Local WWII veteran receives Canada 150 medal and Quilt of Valour

 

 

By Ron Giofu

 

A local World War II veteran has been honoured with a Canada 150 medal as well as a Quilt of Valour.

The presentation was made last Tuesday to Private Kenneth Gordon Farrow, who is now 97-years-old and a resident at Richmond Terrace Long-Term Care Facility. The quilt was made by Jan Bergeron and the medal was presented by Capt. Richard Girard CD Ret., the branch service officer with Royal Canadian Legion Br. 157, and Don Nantais, the Zone A-2 branch service officer and second vice president of Legion Br. 157.

Farrow served in World War II for the duration of the conflict, enlisting in his hometown of Haileybury, Ontario with stops in Quebec and Halifax before eventually being sent to Europe.

“I signed up the second day of the war,” Farrow recalled.

World War II veteran Kenneith Farrow (centre) received a Canada 150 medal and a Quilt of Valour last week. Richmond Terrace unit manager Ryan Kehoe (far left) and director of care Matthew Summerfield (far right) hold the quilt while Don Nantais and Capt. Richard Girard present the medal.

World War II veteran Kenneith Farrow (centre) received a Canada 150 medal and a Quilt of Valour last week. Richmond Terrace unit manager Ryan Kehoe (far left) and director of care Matthew Summerfield (far right) hold the quilt while Don Nantais and Capt. Richard Girard present the medal.

Upon arriving in Great Britain, Farrow said they were greeted by the mayor of Glasgow, who took the soldiers to dinner at city hall. His tour of duty lasted right through until 1945 and he returned home after World War II had ended.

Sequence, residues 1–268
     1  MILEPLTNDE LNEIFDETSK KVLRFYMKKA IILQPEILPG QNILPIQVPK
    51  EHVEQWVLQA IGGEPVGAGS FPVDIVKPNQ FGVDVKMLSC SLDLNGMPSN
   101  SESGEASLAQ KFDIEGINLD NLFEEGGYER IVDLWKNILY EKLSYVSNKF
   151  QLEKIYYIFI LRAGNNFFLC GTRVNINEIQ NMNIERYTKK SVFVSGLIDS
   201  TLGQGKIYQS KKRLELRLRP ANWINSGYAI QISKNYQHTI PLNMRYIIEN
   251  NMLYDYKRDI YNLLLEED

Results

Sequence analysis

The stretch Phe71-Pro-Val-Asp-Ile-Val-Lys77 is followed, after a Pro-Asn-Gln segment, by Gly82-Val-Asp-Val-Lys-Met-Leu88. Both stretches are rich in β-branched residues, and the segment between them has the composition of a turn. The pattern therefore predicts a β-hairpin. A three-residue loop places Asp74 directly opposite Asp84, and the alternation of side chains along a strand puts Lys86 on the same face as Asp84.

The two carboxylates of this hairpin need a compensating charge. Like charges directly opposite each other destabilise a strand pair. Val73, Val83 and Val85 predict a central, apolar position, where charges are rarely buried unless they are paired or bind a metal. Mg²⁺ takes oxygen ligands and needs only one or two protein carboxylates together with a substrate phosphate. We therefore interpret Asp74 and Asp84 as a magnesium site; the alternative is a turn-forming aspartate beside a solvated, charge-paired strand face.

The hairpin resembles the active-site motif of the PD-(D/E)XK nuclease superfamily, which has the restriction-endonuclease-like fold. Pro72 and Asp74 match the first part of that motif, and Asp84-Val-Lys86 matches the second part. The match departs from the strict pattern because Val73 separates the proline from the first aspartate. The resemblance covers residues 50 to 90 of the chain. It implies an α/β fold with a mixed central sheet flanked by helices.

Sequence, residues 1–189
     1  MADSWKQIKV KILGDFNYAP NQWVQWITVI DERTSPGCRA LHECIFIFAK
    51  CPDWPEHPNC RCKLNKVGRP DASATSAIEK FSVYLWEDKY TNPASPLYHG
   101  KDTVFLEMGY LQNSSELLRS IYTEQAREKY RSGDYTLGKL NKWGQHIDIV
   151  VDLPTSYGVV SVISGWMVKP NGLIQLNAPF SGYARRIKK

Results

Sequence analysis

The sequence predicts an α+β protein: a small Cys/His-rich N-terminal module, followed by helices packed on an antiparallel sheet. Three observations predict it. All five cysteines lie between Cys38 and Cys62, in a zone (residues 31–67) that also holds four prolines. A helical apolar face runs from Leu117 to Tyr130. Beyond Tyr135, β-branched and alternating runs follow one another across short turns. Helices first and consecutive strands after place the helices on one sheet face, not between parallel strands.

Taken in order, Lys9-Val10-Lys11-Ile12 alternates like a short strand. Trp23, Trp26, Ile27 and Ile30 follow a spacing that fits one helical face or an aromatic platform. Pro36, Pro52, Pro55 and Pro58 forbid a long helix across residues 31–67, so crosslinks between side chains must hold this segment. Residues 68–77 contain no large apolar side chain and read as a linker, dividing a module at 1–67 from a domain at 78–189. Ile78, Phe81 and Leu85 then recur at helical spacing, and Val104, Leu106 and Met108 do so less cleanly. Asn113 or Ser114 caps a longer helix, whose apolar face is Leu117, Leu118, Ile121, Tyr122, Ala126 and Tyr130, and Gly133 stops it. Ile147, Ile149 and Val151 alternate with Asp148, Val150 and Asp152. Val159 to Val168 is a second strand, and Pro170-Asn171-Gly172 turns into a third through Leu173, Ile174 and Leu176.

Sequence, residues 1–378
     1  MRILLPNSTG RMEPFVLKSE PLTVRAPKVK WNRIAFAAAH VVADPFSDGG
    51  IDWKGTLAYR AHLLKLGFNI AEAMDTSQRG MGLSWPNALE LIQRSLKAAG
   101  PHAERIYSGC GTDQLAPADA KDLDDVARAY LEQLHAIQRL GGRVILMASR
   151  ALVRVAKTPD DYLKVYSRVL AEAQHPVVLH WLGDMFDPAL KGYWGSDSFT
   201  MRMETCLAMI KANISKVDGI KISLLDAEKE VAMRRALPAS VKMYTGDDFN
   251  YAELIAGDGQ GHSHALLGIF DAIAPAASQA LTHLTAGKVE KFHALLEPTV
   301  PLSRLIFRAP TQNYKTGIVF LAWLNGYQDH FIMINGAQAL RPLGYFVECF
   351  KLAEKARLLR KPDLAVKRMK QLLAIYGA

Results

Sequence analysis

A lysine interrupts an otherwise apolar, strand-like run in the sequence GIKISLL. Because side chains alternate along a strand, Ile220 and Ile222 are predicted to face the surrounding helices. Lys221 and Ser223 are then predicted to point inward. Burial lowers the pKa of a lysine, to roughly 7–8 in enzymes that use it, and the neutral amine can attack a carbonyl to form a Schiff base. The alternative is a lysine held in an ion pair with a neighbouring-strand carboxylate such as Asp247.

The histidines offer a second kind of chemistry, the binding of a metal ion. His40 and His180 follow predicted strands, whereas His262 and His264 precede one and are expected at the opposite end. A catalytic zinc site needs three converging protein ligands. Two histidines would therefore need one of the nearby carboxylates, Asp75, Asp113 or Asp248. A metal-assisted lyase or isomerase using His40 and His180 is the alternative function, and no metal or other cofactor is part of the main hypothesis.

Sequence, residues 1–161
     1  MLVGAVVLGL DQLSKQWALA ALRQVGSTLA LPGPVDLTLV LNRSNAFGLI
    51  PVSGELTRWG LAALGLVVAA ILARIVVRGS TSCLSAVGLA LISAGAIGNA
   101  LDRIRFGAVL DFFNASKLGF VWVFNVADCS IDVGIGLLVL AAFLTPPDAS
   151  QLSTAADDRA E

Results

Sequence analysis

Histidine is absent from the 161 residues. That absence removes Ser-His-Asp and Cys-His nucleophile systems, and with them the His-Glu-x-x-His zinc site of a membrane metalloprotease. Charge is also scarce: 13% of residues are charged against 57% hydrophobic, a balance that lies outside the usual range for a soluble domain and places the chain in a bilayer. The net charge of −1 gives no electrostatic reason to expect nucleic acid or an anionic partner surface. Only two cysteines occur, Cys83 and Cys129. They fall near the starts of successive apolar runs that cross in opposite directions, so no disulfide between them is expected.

“They went one way and I went the other because I had the points to get home,” he said. He returned home with his war bride Catherine and they had two children Gordon and Sheila.

In the meantime, he served in nearly every European country and earned many Canadian medals, roughly ten in total.

Farrow was also injured in Belgium thanks to the result of a bazooka blast.

After being a guard at the Kingston penitentiary, Farrow came to southwestern Ontario and served with the Windsor Police Service for 30 years. He retired as an inspector.

“I was 30 years on the police department,” he said. “I stayed on the police force until I retired.”

Farrow joked “they kicked me out” but he had reached the mandatory retirement age of 60. He was also president of the International Police Association for 27 years.

The medal and quilt presentations were something he didn’t see coming.
“They surprised me tremendously,” said Farrow. “It was a great surprise.”

 

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